A 25-year-old Wall Street hotshot brags to The New York Times .

Philip Potter’s luck was soaring as high as the summertime Dow. At the age of 25, he was working for a major investment house and making very good money. But then Mr. Potter, a Yale University graduate, gave an interview to a reporter from The New York Times , and his luck came crashing down.

The Times article on Mr. Potter-who was, until recently, an associate in the Private Client Services group at Morgan Stanley, Dean Witter, Discover & Company-appeared as part of a two-page spread in the Sunday, Oct. 19, paper. The whole package was headlined “Faces of the New York Economy.” The section devoted to Mr. Potter was headlined “Big Earner, Big Spender, Little Burden.”

It was a piece of reported social satire unusual for The Times , listing Mr. Potter’s possessions and mentioning that he “drops $300” on tips and drinks in a given weekend. “He spends at a rapid clip,” went the article, “whether at stylish restaurants in his Park Avenue South neighborhood, at downtown clubs like Lucky Strike or the 10th Street Lounge or in replenishing the Bombay Sapphire and single-malt Scotch in the bar at home.”

Apparently, Mr. Potter didn’t do much to dissuade the Times reporter, David M. Halbfinger, from thinking of him as anything but a materialistic mini-Master of the Universe. Mr. Potter told the reporter he wore custom-made $800 suits and custom-made $80 shirts and that he had an $800 cellular phone and a $3,500 Rolex watch. He posed with the cell phone for the photograph that ran alongside the story.

Mr. Potter’s good fortune seemed palpable on the night of Oct. 18. He was at an engagement party, according to his friends, and he told people that he was going to appear in the next day’s Times in an article on successful young New Yorkers. Some friends accompanied him to the newsstand at around 2 A.M. Soon after he got a look at the article, on page 15 of the Money & Business section, Mr. Potter didn’t look too happy. He knew the piece made him look like a parody of a greedy young Wall Street guy on the make.

“He was completely torn up and terrified,” a friend recalled.

“As soon as he read the article, he knew he was done,” another friend of Mr. Potter’s added.

Indeed, he was done. Kaput. Finished. At least in terms of his career at Morgan Stanley.

On Monday morning at work, Mr. Potter allegedly received a call from Morgan Stanley president and chief operating officer John Mack, who is known as Mack the Knife. Mr. Mack told Mr. Potter that the interview with The Times represented a lack of good judgment and could not be condoned by the firm.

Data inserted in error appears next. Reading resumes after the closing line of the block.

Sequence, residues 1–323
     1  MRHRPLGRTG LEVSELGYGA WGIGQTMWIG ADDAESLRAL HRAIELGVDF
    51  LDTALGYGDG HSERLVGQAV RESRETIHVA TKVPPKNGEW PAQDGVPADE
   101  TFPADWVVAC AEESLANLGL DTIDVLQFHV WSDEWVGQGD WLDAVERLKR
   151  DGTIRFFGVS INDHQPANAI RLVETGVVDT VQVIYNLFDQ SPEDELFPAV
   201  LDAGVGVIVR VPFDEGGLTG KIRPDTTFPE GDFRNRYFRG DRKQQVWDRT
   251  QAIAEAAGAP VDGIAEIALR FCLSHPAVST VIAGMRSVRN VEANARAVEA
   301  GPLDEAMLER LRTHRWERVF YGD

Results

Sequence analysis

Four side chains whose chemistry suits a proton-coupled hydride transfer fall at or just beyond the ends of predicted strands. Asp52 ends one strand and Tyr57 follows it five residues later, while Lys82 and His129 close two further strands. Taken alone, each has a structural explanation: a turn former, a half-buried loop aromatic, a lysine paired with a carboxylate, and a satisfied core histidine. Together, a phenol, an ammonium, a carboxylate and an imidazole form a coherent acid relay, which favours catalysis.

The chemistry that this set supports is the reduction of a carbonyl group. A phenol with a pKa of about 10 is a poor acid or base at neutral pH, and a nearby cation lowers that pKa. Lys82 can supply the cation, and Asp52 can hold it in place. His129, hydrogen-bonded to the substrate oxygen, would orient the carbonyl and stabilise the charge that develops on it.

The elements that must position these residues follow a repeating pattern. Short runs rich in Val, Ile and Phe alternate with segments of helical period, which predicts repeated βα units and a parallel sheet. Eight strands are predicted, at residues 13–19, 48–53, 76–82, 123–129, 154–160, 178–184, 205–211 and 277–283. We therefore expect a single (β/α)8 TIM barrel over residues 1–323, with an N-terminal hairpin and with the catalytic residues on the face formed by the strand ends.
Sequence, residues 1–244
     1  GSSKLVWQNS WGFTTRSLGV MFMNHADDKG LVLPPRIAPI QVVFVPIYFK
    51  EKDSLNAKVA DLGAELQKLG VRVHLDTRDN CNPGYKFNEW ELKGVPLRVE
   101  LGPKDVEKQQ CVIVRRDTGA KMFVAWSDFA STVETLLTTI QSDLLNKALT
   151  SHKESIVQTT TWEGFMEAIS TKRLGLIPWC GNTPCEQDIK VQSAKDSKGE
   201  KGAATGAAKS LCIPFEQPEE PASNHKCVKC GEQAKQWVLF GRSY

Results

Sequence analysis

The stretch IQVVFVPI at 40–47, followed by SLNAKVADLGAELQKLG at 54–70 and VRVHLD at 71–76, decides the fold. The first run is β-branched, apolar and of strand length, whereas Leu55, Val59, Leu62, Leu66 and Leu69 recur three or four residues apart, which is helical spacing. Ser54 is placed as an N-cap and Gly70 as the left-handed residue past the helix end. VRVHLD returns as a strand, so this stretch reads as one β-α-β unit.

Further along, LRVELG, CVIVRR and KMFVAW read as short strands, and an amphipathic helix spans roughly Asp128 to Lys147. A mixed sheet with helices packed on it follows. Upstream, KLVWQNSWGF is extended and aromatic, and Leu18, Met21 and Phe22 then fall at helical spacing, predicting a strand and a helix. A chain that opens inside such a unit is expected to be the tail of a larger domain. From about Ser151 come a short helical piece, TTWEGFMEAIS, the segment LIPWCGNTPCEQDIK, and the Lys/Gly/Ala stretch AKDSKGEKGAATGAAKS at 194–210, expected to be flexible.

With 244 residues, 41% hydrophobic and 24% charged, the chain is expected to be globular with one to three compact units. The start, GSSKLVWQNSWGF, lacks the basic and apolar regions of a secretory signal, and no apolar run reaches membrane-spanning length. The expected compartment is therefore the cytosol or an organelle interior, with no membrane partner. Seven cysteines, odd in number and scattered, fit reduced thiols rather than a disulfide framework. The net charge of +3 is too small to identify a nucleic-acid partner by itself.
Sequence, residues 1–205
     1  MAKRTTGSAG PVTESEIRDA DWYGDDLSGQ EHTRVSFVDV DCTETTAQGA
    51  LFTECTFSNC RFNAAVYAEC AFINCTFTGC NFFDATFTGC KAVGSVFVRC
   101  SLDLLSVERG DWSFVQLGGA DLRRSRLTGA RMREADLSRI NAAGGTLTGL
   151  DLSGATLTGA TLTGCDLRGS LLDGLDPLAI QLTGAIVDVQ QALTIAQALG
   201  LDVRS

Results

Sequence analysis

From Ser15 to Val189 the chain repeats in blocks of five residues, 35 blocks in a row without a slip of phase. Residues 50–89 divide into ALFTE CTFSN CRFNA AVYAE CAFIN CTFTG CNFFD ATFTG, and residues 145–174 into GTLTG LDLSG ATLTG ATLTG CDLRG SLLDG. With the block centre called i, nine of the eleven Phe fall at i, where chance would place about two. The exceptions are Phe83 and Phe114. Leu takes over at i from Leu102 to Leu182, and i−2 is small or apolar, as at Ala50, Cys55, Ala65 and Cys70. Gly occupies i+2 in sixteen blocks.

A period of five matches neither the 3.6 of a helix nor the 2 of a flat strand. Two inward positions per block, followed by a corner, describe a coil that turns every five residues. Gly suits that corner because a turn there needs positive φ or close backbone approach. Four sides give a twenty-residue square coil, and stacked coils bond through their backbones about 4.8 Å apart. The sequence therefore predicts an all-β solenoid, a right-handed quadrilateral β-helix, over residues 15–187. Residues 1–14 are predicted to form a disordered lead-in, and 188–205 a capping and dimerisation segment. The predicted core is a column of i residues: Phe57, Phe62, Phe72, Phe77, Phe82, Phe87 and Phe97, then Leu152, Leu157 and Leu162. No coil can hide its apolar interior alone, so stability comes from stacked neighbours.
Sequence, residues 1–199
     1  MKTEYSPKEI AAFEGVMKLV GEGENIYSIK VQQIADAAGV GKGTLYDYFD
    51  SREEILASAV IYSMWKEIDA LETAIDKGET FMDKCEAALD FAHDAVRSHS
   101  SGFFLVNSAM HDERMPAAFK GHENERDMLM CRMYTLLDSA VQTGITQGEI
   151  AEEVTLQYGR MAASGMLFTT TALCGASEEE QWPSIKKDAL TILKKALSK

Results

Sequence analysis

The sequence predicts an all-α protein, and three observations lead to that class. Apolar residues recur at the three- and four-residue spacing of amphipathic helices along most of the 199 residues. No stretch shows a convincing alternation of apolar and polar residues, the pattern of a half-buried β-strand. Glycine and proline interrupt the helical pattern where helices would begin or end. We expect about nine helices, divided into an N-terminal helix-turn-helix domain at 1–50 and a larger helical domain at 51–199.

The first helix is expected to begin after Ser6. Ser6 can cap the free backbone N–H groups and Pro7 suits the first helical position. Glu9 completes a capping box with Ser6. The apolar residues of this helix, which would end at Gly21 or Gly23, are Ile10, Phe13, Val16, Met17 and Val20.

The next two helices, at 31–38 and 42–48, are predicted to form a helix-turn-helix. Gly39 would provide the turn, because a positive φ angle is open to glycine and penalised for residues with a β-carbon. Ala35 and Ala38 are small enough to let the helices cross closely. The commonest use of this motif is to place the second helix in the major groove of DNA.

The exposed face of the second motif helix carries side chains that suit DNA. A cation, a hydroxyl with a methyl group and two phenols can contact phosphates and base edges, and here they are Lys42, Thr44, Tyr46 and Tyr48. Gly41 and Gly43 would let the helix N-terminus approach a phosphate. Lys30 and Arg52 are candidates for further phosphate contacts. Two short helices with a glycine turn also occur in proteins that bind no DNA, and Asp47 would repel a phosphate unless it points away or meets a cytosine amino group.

A few hours later, after a phone call from his boss in the Private Client Services group, Mr. Potter was out of a job.

A Morgan Stanley spokesman would say only that Mr. Potter resigned.

Mr. Potter, who would not comment for this article, has no idea what he plans to do next, according to a friend. The friend added that he’s still reeling from what he believes was an instance of exploitation by the press. Indeed, another person said Mr. Potter briefly had a greeting on his answering machine saying he was duped by The Times .

On the face of it, Mr. Potter did violate the firm’s Code of Conduct by talking to the press about Morgan Stanley and his life and work without seeking permission from the corporate communications department. But one of Mr. Potter’s friends said the reporter misrepresented what he was looking for. “It wasn’t like Phil walked into the interview saying, ‘Hey, see my TV, it’s this much,'” said the friend. “I think [the reporter] pulled out the comments one by one in a long conversation to paint the picture.”

“That’s untrue,” said Times spokeswoman Nancy Nielsen. “David represented exactly what the story was about.”

Whatever happened, the young banker’s friend said the article didn’t capture Mr. Potter. “He’s not a big-bravado, high-roller, talking-to-you-about-money type,” said the friend. “He plays chess and hangs out and is smart.”

In the Times article, Mr. Potter said he was confident he would survive any Wall Street bloodletting. He ended up not making it to the big plunge of Oct. 27.

A 25-year-old Wall Street hotshot brags to The New York Times .